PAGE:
This could mean a website, or setting up and maintaining profiles on online voice marketplaces or running ads on Facebook, Twitter or Google or networking offline at conferences. There’s no real limit on the number of ways a voice actor can market themselves.

How much time does this take? Typically this is something you’ll set up once and then do minor adjustments to each week or month.

So in the first few months of starting out as a voice actor, expect to spend a few hours per day on marketing. But once you’ve got your website and profiles all set up, you might only spend an hour a week on this.

What’s that all add up to?

It can be easy to think that voice actors don’t have to work many hours to earn a good income. But that can be pretty far from the truth.

Let’s say a voice actor finds enough paying gigs to have to produce 10 short-form gigs and 1 long-form gig a week. And let’s say the short gigs are for a maximum of 5 minutes each and that the longer-form gig is for 3 hours of produced audio. (Maybe it’s a short audiobook or something like that.)

For the 10 short gigs, let’s assume 1 hour of recording time and 30 minutes of editing. It could be longer but let’s just average it out. So that’s 15 hours of work in producing those shorter gigs.

Running total: 15 hours.

For the 1 long gig, it’ll take 5 hours of recording and editing to produce every hour of finished audio. The client needs 3 hours of audio, so that’s another 15 hours of work to finish that job.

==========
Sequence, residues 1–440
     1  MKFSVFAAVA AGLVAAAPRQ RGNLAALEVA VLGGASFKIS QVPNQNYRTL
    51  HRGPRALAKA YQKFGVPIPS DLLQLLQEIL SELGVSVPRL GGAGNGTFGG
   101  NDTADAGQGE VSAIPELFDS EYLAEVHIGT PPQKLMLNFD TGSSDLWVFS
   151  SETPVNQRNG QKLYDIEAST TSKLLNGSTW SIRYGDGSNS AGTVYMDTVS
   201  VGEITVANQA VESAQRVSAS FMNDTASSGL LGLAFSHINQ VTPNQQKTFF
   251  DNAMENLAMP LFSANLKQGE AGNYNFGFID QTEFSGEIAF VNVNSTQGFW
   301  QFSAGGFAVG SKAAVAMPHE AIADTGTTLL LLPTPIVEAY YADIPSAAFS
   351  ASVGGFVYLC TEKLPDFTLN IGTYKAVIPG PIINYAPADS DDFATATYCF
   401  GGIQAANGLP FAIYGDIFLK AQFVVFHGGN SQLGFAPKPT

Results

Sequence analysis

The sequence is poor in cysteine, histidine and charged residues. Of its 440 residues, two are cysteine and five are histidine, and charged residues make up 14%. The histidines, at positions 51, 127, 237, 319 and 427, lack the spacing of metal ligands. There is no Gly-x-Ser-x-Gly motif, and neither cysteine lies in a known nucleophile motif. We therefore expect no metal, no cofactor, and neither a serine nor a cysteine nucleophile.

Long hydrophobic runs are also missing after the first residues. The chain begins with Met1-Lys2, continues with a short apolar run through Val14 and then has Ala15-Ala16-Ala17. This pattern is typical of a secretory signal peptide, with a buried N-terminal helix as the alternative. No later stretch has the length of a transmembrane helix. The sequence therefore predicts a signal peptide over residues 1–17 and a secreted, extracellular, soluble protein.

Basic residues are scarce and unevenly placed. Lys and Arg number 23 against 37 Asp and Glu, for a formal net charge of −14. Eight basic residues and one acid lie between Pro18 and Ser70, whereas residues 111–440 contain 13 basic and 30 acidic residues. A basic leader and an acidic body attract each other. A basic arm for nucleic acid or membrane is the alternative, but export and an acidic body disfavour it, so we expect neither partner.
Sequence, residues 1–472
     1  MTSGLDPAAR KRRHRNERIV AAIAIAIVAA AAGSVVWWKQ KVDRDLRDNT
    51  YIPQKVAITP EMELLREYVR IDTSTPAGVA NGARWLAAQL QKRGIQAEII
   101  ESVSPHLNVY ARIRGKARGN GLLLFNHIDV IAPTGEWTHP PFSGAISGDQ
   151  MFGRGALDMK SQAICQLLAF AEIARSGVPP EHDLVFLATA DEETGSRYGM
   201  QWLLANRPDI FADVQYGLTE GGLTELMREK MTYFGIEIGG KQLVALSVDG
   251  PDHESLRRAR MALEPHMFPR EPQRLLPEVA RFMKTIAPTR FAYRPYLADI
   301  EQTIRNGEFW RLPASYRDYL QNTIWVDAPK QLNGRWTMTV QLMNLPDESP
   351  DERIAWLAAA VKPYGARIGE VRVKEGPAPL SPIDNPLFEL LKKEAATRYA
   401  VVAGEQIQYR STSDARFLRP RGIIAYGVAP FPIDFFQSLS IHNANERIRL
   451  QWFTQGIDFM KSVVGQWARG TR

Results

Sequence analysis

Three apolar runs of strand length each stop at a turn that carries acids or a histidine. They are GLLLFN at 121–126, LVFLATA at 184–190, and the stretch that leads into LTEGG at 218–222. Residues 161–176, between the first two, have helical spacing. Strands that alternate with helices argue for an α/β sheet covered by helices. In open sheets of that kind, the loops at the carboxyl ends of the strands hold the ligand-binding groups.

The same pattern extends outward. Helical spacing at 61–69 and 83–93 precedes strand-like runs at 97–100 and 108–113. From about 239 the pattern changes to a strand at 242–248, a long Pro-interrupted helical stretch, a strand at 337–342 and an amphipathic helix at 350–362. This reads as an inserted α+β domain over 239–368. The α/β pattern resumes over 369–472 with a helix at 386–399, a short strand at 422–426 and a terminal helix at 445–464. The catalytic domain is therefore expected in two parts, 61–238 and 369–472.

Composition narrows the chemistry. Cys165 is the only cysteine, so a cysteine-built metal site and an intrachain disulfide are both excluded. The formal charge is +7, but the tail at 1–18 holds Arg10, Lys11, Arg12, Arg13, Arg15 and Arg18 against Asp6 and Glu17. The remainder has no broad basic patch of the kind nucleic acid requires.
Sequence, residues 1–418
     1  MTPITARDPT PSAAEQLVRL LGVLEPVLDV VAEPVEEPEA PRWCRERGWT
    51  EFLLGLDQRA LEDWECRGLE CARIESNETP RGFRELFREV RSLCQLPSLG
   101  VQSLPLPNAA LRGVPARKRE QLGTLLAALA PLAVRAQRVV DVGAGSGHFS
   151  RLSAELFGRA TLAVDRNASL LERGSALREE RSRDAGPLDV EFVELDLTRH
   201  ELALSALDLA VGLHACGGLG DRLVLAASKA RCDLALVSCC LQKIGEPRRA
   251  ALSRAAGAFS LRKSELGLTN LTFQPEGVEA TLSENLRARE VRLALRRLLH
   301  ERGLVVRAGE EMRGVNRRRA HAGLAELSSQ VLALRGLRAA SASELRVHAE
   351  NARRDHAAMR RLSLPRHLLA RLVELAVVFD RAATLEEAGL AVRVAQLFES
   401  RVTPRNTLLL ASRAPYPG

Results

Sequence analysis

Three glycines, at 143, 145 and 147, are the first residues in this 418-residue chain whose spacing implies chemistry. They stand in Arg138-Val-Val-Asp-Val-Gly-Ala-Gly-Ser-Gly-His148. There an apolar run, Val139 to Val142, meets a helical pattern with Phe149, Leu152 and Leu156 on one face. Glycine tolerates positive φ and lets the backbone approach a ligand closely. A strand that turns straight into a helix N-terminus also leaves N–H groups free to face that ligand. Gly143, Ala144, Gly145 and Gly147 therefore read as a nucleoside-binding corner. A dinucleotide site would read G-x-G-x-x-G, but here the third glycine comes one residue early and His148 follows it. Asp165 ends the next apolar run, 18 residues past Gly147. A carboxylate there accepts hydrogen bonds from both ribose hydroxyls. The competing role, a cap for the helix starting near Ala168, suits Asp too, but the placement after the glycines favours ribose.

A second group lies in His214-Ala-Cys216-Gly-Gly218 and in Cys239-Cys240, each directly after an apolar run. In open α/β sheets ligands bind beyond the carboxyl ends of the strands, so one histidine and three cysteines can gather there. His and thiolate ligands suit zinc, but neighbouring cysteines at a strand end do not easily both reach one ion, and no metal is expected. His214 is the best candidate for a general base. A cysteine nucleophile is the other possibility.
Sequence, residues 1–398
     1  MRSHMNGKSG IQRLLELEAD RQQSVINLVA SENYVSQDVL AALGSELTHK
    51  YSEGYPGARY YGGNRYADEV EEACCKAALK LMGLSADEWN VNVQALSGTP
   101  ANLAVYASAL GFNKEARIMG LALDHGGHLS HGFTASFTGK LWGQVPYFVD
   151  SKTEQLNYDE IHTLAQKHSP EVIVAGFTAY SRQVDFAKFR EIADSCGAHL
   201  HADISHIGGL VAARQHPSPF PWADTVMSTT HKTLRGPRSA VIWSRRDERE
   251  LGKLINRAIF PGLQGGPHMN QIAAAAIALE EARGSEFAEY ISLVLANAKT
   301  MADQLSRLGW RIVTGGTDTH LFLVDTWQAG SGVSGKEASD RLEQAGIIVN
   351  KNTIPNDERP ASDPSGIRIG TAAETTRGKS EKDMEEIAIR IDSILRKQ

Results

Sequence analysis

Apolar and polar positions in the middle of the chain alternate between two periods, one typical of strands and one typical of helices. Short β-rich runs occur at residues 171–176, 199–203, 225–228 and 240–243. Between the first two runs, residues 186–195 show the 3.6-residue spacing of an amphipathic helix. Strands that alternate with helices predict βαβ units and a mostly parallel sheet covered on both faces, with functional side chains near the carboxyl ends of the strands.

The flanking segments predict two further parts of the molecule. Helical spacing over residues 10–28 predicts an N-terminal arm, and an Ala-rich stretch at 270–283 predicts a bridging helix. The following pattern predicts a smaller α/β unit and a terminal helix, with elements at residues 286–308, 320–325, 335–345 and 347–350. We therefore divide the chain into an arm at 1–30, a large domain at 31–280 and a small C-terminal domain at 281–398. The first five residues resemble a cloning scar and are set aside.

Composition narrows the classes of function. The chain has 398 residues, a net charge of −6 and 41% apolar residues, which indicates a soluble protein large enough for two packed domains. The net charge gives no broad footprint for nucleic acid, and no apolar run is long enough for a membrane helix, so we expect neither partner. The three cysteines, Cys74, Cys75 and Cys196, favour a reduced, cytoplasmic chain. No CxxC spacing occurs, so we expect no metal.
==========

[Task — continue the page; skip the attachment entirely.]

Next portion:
Running total: 30 hours.

We’re at 30 hours of work and we haven’t even looked at the admin, auditioning and marketing side of being a voice actor.

We’ll be super conservative and say that our voice actor nails their admin in one hour a day. (Just emails alone can easily account for an hour a day. Nevermind all the rest of the admin.)

Running total: 35 hours.

Our imaginary voice actor is already working 35 hours a week and they haven’t even done any auditions or marketing. We know that auditions can take up an hour of their day, every day, so that puts us at 40 hours pretty quickly.

Running total: 40 hours.

Marketing will be hard in the beginning but let’s imagine that they’ve already “handled” all their marketing while they were starting out. So we’ll just add an hour of marketing each week.

Running total: 41 hours.

This is just a fun little exercise but take a look at that number. A voice actor can easily work 40+ hours a week just to survive. If they suddenly get very busy, that number can quickly rise to 50+ hours or even 60+ hours a week.

Do voice actors work 40 hours a week (9 to 5)?

No, probably not. It’s easy to see how a pro voice actor can work a lot more than 40 hours a week. And a big chunk of that time won’t be billable time.

Can a voice actor work less than 20 hours a week?

If they were doing it “on the side”? Absolutely. The real question is can you make a full-time income as voice-actor, working only 20 hours a week? And I think the answer to that is a solid no. (Unless, maybe, you have the best agent in town and don’t do any of the editing yourself.)